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From Draft NOtices, March-April 2001


The extent to which the U.S. military has to comply with environmental laws varies from statute to statute. There are generally three ways they get around compliance with these laws: direct exemption, sovereign immunity, and the Unitary Executive policy. They are exempt from many important environmental and public safety laws, such as the Oil Pollution Act of 1990 and sections of the Clean Water Act, and naval nuclear reactors are not regulated by the Nuclear Regulatory Commission.

Even when the law does apply to military operations, regulators have no ability to assess fines, shut down polluting operations or otherwise enforce compliance with the laws that cover the military. Communities neighboring military bases have less environmental protection than other cities in the nation. Until the military is brought under complete regulation, our public health and safety, as well as our environment, will be at increased risk from military pollution.

The need for regulation clearly exists. Last September, for example, the Marines spilled over 2 million gallons of sewage into the ocean — but unlike a similar case in the City of San Diego, no fines have been assessed. The Navy’s current dredging project has violated their permit twice. In the past few years, the Navy has spilled over 15,000 gallons of oil into our coastal waters. And, because the Navy is self-regulated for nuclear activity and not required to disclose full information about the area of impact from an accident, neighboring communities do not have the full information needed to plan effective emergency plans to deal with a nuclear-reactor accident aboard naval nuclear-powered vessels.

WHAT CAN YOU DO? The Military Environmental Responsibility Act (MERA) is a bill proposed by San Diego Congressperson Bob Filner and supported by Congressperson Cynthia McKinney. MERA would remove all military exemptions from our state and federal environmental laws, bringing military operations under the same environmental regulations as the private sector.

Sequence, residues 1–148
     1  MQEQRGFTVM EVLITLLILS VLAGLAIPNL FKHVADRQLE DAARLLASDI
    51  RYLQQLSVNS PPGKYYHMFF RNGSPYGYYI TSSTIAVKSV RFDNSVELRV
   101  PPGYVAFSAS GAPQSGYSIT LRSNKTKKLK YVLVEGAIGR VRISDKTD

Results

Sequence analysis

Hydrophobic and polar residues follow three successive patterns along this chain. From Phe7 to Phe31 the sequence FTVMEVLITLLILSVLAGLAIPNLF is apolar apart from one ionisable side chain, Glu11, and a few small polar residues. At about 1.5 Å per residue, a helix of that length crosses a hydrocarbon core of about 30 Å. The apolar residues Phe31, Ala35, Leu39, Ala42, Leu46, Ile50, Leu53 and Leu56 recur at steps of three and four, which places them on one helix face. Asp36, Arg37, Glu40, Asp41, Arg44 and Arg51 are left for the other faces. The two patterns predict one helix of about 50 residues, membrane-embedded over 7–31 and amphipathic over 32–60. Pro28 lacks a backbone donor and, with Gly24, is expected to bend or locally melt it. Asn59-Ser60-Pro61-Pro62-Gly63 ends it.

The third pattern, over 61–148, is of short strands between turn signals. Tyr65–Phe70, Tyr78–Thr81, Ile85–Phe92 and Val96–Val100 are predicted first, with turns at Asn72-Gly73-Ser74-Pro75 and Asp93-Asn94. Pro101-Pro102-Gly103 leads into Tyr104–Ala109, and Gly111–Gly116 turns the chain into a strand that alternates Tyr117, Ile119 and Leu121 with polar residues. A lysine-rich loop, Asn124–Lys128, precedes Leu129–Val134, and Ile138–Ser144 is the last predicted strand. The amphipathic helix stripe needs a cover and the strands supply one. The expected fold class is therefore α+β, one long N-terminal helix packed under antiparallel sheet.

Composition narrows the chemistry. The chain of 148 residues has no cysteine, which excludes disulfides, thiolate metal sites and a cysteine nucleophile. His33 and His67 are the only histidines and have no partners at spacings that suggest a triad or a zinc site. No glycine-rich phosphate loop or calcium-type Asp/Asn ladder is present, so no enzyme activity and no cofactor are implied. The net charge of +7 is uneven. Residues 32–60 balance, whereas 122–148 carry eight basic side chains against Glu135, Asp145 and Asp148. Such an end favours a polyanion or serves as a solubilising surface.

You can help bring the military into compliance with all environmental and health and safety laws by:

  • Signing and returning the MERA endorsement form inserted in this newsletter. COMD is joining with the Peace Resource Center of San Diego and the Environmental Health Coalition in an effort to collect 1,000 endorsers by March 31 to launch the campaign. Endorsements will continue to be collected after that date.
  • Downloading and photocopying the MERA endorsement PDF form. Get your friends, family and neighbors to sign!

Writing to Congressperson Filner in support of the MERA (U.S. Congress, 2463 Rayburn Bldg., Washington, D.C. 20515). Ask your congressperson to join with Congressperson Filner in promoting the MERA.

This article is from Draft NOtices, the newsletter of the Committee Opposed to Militarism and the Draft (

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